Do you remember that old jingle from TV ads. Everybody doesn't like something, but nobody doesn't like Sara Lee. Well, I'm sure English teachers still cringe, although my late aunt, a first grade teacher, who made a successful purchase of this stock is probably more forgiving. When the stock market was in turmoil nearly 50 years ago following the assassination of JFK, she decided to do her patriotic duty and went out and purchased four shares of Consolidated Foods. The company would later be renamed Sara Lee.
For a long time she used the dividends to pay my younger brother to call her each morning to make sure she hadn't slept through her alarm clock. Later she began reinvesting the dividends. When she passed away several years ago, her four shares had grown to well over 1000 shares. And, she had some shares of Hahnes Brands, Inc., a company Sara Lee spun off to shareholders. Over the years, the investors in Sara Lee had as much reason to hum that jingle as did the consumers that bought the frozen cakes and pies.
Sara Lee began what might best be described as a haphazard acquisition spree in the late 1960's when it went beyond its core food businesses and began acquiring businesses as diverse as a chemical company and well known brands Kiwi shoe polish, Electrolux (OTC:ELUXF), Isotoner gloves, Coach handbags (NYSE:COH) and Playtex. In the late 1990's it started buying into the coffee business acquiring Chock full o'Nuts, Hills Bros., and Chase & Sanborn.
The past decade it began paring back by divesting Coach, the apparel businesses, and earlier this month announced it had signed an agreement to sell its North American Refrigerated Dough business to Ralcorp Frozen Bakery Products, Inc., a division of Ralcorp Holdings, Inc. (RAH). Ralcorp, previously spun off from Ralston Purina is currently being pursued by ConAgra (NYSE:CAG).
Sara Lee has kept busy the past year. After becoming an acquisition target it put itself up for sale, then decided that the prices offered weren't high enough or that the financing wasn't there. It has since announced it would be divesting more businesses, declaring a special $3 dividend and breaking the company into two businesses and spinning off the new company to shareholders in the first half of next year. Broadly speaking Sara Lee will spin off the international beverage business, primarily coffee and tea while keeping the Sara Lee, Hillshire Farm, Jimmy Dean and Ball Park brands.
When the company reported results earlier this month, the initial reaction was disappointment and the stock sold of sharply, hitting an intra-day low of $15.93 before closing above $17. While earnings, adjusted for discontinued operations, and revenue were in line with analysts expectations, the guidance fell short. For fiscal 2012 the Zacks Consensus estimate is $1.06 vs. company guidance of $0.89 to $0.95. Since the August 11th release date, Merrill Lynch upgraded Sara Lee "to buy with a $21 price target, as the firm believes that the breakup of the company should help the stock price".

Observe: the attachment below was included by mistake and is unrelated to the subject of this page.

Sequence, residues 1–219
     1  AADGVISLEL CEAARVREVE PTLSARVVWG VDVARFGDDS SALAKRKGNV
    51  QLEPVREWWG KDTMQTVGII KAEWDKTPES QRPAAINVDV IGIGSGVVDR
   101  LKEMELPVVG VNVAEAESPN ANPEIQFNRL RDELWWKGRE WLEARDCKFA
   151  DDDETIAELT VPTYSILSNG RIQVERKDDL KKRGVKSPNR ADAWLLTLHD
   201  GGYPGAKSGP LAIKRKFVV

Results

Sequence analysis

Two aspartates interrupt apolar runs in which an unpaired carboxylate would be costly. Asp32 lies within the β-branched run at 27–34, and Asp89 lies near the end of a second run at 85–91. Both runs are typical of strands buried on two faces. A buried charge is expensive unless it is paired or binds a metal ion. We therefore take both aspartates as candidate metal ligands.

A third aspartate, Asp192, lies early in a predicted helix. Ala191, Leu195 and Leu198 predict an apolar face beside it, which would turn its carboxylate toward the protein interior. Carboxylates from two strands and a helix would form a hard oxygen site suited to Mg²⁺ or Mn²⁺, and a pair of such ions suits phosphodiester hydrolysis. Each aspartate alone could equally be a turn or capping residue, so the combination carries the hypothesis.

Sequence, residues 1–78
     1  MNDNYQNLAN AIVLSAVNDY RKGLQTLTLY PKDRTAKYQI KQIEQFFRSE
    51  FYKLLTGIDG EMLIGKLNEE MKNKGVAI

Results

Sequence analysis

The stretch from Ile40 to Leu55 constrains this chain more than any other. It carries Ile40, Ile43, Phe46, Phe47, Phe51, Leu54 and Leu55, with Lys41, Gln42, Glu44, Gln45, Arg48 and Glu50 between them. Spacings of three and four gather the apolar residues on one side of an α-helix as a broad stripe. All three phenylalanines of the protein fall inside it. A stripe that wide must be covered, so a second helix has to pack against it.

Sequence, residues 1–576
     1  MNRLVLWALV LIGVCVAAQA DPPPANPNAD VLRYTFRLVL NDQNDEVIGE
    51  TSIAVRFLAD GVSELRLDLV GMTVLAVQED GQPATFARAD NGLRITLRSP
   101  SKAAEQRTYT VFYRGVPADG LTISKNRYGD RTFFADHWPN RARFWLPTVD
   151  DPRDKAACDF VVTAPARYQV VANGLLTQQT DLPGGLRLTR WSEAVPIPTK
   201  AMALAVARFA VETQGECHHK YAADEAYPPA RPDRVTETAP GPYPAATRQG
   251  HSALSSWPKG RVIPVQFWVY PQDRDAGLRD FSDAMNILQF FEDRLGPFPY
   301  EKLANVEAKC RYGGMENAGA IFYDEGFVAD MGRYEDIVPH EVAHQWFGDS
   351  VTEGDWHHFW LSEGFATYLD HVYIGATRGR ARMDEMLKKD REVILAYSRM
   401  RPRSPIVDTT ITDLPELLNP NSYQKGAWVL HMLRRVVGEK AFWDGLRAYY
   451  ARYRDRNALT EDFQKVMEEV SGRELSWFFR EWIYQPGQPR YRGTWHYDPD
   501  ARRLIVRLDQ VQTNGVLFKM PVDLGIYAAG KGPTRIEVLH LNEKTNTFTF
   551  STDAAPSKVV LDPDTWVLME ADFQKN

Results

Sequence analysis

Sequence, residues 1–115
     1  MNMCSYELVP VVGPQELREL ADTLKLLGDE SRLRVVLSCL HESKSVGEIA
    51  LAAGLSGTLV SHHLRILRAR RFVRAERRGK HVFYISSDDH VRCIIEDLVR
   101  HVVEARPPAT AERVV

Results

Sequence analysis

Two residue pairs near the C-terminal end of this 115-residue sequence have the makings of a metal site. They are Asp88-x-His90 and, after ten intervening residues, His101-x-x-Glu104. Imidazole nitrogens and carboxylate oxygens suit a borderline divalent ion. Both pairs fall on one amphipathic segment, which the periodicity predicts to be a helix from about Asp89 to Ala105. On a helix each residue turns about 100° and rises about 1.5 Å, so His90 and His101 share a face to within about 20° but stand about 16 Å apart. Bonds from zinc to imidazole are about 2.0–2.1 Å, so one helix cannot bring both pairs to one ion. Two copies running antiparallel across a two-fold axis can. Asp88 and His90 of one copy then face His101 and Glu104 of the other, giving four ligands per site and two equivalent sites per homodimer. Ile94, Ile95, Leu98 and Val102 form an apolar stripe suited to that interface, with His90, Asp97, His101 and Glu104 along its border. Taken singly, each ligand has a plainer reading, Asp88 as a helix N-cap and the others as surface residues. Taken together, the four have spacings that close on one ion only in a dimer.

Right now I'm more in the wait and see camp. Sara Lee was more aggressive in raising prices to cover rising raw material costs this past year and sacrificed market share. It needs to demonstrate that there will be similar profits in the two smaller companies and that costs can be contained while new SG&A systems and staffs are duplicated.
Going forward, management expects that it will regain market share as its competitors follow its pricing leadership. On the conference call it was indicated that some of this has already begun to occur. On the regulatory front, there are IRS rulings and additional divestitures. With all of these major issues, I am disappointed that the company is distracted with what appears to be a very silly legal battle with Kraft Foods Inc. (KFT).
The media is having a field day over the weiner wars with phrases about "legal beefs" and "dragging each other's buns into court." It is reminiscent of the old Miller Lite commercials where former athletes argued over whether great taste or less filling was more important. In this spat over Sara Lee's Ball Park franks and Kraft's Oscar Mayer wieners the issues are around ad claims of 100% beef and winning a taste test.
I have held Sara Lee stock for many years and will continue to hold. I have reinvested the dividends ($0.46 for a 2.6% yield) and will also continue to do so. I have also regularly sold out of the money covered call options to enhance my yield. Most recently (in mid-July), I sold the January 2012 $21.00 calls for $0.70. However, I see no reason to commit new funds to my position at this time. There are opportunities in other food companies that offer better yields and offer better growth prospects.
Disclosure: I am long SLE. I have no positions in any of the other stocks mentioned, and no plans to initiate any new positions within the next 72 hours.